While Athens may be a great place to find local fruit, vegetables, meat and dairy products, it’s difficult to find other regional staple crops such as grain, seeds and beans. One Millfield couple is working to change that and provide regional grains to local businesses and grocers.
Michelle Ajamian and Brandon Jaeger are the founders of the Appalachian Staple Food Collaborative. The goal of the group is to foster staple crops such as beans, seeds and grains in the area to decrease dependency on outside food sources.
According to Jaeger, the group received a grant in 2008 to grow test plots of staple crops and assess the community’s interest in the venture. He said that local businesses were interested in using and selling the products.
Now Jaeger and Ajamian are working to grow and process locally grown grains for market and have started the Shagbark Seed and Mill Co.
According to Jaeger, he received a grant to purchase a mill from France and has been milling for a few months at the Appalachian Center for Economic Networks (ACEnet) kitchen in Athens. He said the specialized mill has a filter that captures all dust, making the small machine perfect for use in the shared-use facility at ACEnet.
Funding for the test crops and facility equipment was provided by several grants from the U.S. Department of Agriculture Sustainable Agriculture Research and Education program, Central Appalachian Network, Ohio University’s Sugar Bush Foundation, Ohio State University’s Stinner Endowment for Healthy Agro-Ecosystems and Sustainable Communities, the Athens Foundation and the Ohio Farm Bureau Foundation.
Jaeger said they have several years of organic farming experience, but are new to the milling process.
The couple’s first milling project began a few months ago after they purchased a large amount of corn from Amish farmers in Chesterhill.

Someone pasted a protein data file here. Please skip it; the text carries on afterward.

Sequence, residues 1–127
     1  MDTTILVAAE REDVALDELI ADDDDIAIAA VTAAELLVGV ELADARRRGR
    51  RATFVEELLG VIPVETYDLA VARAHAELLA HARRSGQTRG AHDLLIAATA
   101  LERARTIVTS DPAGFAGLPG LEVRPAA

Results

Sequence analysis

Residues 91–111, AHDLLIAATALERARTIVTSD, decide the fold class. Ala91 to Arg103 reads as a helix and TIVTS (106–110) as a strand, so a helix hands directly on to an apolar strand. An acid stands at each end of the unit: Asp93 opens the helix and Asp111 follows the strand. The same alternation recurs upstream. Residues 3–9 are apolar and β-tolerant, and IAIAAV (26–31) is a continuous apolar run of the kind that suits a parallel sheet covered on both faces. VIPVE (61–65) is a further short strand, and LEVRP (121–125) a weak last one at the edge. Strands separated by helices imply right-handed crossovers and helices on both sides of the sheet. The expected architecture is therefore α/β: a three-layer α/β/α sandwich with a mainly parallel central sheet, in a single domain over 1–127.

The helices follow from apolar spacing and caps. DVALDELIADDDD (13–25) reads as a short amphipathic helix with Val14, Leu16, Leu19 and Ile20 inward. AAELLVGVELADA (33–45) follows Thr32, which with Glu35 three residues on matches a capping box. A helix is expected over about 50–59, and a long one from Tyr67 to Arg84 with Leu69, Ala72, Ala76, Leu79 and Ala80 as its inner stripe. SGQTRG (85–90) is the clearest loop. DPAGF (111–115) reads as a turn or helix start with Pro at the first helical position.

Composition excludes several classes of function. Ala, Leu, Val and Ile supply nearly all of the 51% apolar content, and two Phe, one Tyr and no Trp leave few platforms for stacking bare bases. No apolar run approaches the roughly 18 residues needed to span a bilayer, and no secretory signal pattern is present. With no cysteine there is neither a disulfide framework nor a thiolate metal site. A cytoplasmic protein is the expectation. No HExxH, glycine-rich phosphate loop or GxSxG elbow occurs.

So far, Shagbark has sold cornmeal to Athens businesses Avalanche Pizza, Crumb’s Bakery and Casa Nueva.
Jaeger and Ajamian are hoping that this year’s growing season proves more productive for corn and other crops. Jaeger said that last year was terrible for corn in particular. He said the wet spring and mild summer created too much moisture to support corn crops.
Shagbark’s milling venture has been temporarily put on hold because the company is out of corn.
He said the Amish farmers in Chesterhill will plant 8 to 10 acres of corn for Shagbark to purchase this year.
But corn isn’t the company’s only cash crop. Jaeger and Ajamian will also have 9 acres of spelt to harvest and mill. According to Jaeger, spelt is a type of wheat that grows well in Ohio.
The two are also working with local farmers to grow beans. Jaeger said the company hopes to eventually have a steady supply of oil seeds to create local oils.
One local businessman who was interested in the company’s products is John Gutekanst, owner of Avalanche Pizza in Athens.
Gutekanst has been spending his free time baking bread for local foodbanks. While Gutekanst provided homemade bread to area food pantries last year, this is the first time he’s been able to use local products in the dough.
According to Gutekanst, he is using cornmeal milled by Shagbark.
Gutekanst said he watched the corn being harvested in Chesterhill. He said he purchased 900 pounds of the finely milled cornmeal from Shagbark.
According to Gutekanst, the same variety of corn used for the cornmeal has been found in ancient Indian burial grounds in the area.
Gutekanst uses the cornmeal, extra virgin olive oil and sea salt to create sweet high-protein bread for donation. Gutekanst said he bakes about 80 loaves a week during the winter.
He said he hoped that families with children were receiving the bread because some children depend on school lunches, which they haven’t been receiving during the snow days that have plagued the county in recent weeks.
Ajamian said Athens County has a rich history of milling, but most of it has vanished.
According to Ajamian, what stopped the milling industry in the area was “a 50- or 60-year-old trend of unrealistically cheap petroleum fuel and mega-farm subsidies from the U.S. government that forced U.S. farmers to get big or get out.”
She said this created a nation that spends “very little of its income on food and gets nutrient-deficient food (causing diabetes, obesity, and other health problems), damaged ecosystems, and impoverished farm communities.”
Ajamian said this trend made it impossible for the small-scale farmers and processors to compete, and due to the topography of the region, local farmers have to be relatively small.
“But the petroleum boom is beginning its bumpy descent to bust, and that’s one of the reasons that regional-scale food systems can and must return to our communities,” she said.
For information about Shagbark Seed and Mill Co., e-mail email@example.com or visit the Appalachian Staple Foods Collaborative on Facebook.